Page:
Ehrlich releases fired worker's file to panel

Data reveal administration aide signed off on Gardina's dismissal weeks after positive personnel review



Gov. Robert L. Ehrlich Jr.'s legal counsel released Vincent J. Gardina's personnel file yesterday, a move aimed at erasing questions about whether the former Maryland Environmental Service engineer was fired because of his connections to the Democratic Party.

"These documents don't reflect the validity of the claim that he was let go because of political affiliation," said Jervis Finney, the governor's attorney.

The documents were supplemented by e-mails revealing that an administration aide signed off on Gardina's firing. Finney's office also distributed printouts showing that Gardina had used his state computer and work station for tasks unrelated to his job.

Gardina was one of more than 6,000 state employees who serve at the pleasure of the governor and can be fired at any time. A special committee, created this year, is investigating charges that the Ehrlich administration has fired employees, such as Gardina, for political reasons. The documents were released yesterday to the committee and news media.

Some Democrats on the committee said the timing of the documents' release is suspect. Baltimore Mayor Martin O'Malley, a Democrat, formally announced his candidacy for governor yesterday during a series of events across the state. Meanwhile, the special committee meets in Annapolis today having had little time to review the hundreds of documents distributed by Finney's office.

"Jervis is making me work," said Sen. Thomas M. Middleton, a Democrat and the committee's co-chairman. "They're playing these little tiny games."

The documents show that Gardina, who is also a Baltimore County councilman, received a largely positive personnel review in August 2003, just a few weeks before he was terminated. He received an average overall appraisal of 3.35 on a scale of 1 to 5. A 3, according to the form's rating scale, indicates a "fully successful" performance.

The review says that "Mr. Gardina has shown good judgment and initiative in taking on project management duties for projects." It also said that "he exhibits good teamwork skills, has good interactions with the rest of the section staff and with other staff in the division or program."

In Finney's latest letter to Middleton -- the men correspond often about the mission and makeup of the committee -- he cautioned against viewing Gardina's ranking as sufficient: "In practical terms, a score of 3.0 is average, a C grade, even though termed `fully successful,'" Finney wrote in the Sept. 28 letter.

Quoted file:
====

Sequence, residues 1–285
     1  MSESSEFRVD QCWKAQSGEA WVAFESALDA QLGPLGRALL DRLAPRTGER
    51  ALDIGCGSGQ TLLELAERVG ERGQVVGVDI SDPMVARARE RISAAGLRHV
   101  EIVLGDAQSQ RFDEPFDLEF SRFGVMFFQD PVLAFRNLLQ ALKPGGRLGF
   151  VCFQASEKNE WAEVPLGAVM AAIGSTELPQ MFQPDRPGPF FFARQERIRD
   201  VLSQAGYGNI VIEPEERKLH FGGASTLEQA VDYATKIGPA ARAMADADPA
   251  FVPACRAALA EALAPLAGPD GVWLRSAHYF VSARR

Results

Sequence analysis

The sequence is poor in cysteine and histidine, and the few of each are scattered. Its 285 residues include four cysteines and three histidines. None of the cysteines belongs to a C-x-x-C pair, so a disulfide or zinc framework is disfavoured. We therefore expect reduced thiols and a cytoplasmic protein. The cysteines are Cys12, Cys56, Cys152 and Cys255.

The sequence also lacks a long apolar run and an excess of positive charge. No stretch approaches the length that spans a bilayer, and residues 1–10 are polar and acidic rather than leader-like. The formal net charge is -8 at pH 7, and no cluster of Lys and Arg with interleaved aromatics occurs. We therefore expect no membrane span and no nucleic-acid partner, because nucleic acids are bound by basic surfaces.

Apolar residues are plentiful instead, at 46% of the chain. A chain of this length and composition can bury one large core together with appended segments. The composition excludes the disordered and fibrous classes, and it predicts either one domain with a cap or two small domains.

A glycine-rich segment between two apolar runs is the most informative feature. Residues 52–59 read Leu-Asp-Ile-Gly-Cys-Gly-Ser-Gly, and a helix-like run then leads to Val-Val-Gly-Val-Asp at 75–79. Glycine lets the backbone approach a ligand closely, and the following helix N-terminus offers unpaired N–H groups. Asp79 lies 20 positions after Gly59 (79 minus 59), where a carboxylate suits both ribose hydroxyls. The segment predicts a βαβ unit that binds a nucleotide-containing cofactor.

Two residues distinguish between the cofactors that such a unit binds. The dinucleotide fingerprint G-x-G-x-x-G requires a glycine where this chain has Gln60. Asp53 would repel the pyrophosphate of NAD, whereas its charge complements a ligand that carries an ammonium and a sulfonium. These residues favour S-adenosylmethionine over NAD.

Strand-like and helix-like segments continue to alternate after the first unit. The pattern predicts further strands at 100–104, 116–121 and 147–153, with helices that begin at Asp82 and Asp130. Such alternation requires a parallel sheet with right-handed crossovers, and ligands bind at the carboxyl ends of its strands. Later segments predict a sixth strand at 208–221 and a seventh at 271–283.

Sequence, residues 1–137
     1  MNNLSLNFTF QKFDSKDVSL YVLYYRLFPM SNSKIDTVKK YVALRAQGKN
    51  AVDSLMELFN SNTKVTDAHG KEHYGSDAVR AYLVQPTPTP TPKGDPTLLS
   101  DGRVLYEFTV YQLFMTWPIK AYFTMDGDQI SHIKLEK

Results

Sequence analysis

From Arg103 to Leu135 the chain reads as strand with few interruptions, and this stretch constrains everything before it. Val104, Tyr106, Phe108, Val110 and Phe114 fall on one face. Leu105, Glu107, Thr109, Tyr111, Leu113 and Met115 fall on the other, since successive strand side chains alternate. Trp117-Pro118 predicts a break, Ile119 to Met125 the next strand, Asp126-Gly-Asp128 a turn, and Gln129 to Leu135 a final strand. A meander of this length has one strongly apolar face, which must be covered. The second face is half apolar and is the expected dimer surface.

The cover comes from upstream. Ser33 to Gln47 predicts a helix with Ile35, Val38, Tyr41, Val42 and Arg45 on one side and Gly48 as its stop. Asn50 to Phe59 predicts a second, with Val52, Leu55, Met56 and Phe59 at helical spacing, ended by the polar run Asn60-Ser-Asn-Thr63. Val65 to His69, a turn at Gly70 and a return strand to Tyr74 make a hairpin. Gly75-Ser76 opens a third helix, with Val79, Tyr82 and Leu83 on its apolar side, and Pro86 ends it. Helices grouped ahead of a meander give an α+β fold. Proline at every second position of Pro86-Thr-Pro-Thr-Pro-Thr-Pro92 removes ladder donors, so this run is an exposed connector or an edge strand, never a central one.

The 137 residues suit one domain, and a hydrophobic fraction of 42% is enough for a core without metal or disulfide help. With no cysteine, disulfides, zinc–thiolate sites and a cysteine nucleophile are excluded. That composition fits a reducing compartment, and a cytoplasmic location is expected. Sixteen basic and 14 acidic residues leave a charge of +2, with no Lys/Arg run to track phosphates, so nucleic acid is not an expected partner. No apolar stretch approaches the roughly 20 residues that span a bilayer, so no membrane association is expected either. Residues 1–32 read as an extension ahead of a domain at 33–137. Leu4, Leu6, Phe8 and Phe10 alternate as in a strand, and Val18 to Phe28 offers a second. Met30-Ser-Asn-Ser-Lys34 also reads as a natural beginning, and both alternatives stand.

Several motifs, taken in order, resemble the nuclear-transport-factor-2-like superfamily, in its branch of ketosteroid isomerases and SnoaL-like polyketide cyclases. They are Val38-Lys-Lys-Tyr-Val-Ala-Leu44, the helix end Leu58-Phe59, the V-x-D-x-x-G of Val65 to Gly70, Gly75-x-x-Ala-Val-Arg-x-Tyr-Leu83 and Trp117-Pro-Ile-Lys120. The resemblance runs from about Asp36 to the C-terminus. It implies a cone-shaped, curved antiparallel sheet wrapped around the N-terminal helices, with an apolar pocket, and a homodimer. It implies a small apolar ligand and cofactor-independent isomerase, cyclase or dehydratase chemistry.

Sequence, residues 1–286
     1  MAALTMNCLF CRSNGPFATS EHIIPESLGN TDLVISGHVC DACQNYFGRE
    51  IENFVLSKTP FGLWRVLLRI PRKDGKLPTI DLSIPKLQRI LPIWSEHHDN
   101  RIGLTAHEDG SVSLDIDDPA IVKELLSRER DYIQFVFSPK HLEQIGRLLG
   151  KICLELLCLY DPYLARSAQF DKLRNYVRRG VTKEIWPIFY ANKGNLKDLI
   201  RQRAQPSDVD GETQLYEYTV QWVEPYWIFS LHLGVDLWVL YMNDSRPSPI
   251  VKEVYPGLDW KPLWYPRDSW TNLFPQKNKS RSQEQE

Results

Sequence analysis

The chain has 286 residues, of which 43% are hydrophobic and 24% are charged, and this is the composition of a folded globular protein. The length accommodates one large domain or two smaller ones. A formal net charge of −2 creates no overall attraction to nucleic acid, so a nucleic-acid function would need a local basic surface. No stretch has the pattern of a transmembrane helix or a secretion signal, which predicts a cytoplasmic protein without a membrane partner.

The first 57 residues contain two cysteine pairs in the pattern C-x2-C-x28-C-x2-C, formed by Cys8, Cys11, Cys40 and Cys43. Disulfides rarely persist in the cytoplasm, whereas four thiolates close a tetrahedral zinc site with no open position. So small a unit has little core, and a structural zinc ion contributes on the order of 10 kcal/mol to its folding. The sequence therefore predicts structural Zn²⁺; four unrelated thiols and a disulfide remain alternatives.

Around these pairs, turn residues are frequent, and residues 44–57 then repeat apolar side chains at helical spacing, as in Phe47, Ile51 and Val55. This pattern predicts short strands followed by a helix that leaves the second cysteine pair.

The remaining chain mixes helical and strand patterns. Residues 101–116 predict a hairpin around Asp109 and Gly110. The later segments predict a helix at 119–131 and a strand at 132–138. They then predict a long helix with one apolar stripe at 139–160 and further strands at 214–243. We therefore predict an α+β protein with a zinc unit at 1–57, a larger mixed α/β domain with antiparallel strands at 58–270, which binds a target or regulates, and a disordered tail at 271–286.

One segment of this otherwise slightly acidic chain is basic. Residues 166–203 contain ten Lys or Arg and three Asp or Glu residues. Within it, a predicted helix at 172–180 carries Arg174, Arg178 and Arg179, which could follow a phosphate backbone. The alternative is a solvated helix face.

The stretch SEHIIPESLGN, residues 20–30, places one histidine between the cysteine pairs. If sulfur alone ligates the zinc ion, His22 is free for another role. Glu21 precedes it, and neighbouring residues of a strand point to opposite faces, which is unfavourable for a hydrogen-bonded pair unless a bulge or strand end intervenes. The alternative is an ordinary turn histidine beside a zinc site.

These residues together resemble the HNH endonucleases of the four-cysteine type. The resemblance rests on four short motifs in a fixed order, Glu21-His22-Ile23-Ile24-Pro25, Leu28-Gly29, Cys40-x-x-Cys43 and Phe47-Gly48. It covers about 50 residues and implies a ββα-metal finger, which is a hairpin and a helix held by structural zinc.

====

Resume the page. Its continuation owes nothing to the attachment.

Finney also calls Gardina "a mistaken poster-child for your so-called Special Committee."

Finney defended the administration for its reluctance over the past months to release Gardina's personnel file even though Gardina, who worked for five months on dredging projects, signed a waiver in February authorizing the release of all of his personnel information.

"After months of misstatements of fact from various legislators and other observers, the truth as to the Gardina personnel file documents needs to be revealed now to the committee and in the public record," he said.

In another letter to Middleton and his co-chair, Del. Adrienne A. Jones, Finney said he would turn over personnel documents for former Ehrlich campaign worker and Maryland Department of Human Resources employee Michelle Lane "and the other disgruntled ex-employees that you wish to invite to your so-called Special Committee."

He said the committee should provide a list of individuals (with a waiver signed by each) for whom it is seeking personnel records. In exchange, he asked that Ehrlich administration officials be invited to testify about each circumstance.

Dan Clements, Gardina's attorney, said the documents released by Finney's office include no real cause for Gardina's dismissal in September 2003 and that the administration has not answered the pressing question of why Gardina was fired.

"The review doesn't say he's terrible and incompetent," Clements said. "Au contraire, it says he's doing an adequate job and obviously wasn't the basis for his firing."

After his firing, Gardina sued the governor, claiming that he was terminated as a result of his political affiliation. He received a $100,000 settlement.

Along with the Gardina file, Finney released a stack of e-mails from Diane Baker, the administration's deputy appointments secretary. In those e-mails, Baker approves Gardina's firing.

"You can let Vince Gardina go. We have signed off on this end," she wrote to John Sparkman, who was then the head of Maryland Environmental Service.

Sen. Brian E. Frosh, a Montgomery County Democrat and committee member, said the administration needs to explain why Baker was involved in Gardina's termination and who instructed her to issue the order that he be dismissed.

"How is it that Vince Gardina comes to the attention of the governor's appointments office?" Frosh said. "Why is it that they pay $100,000 to make him go away? The governor's appointments office shouldn't be involved in this at all."

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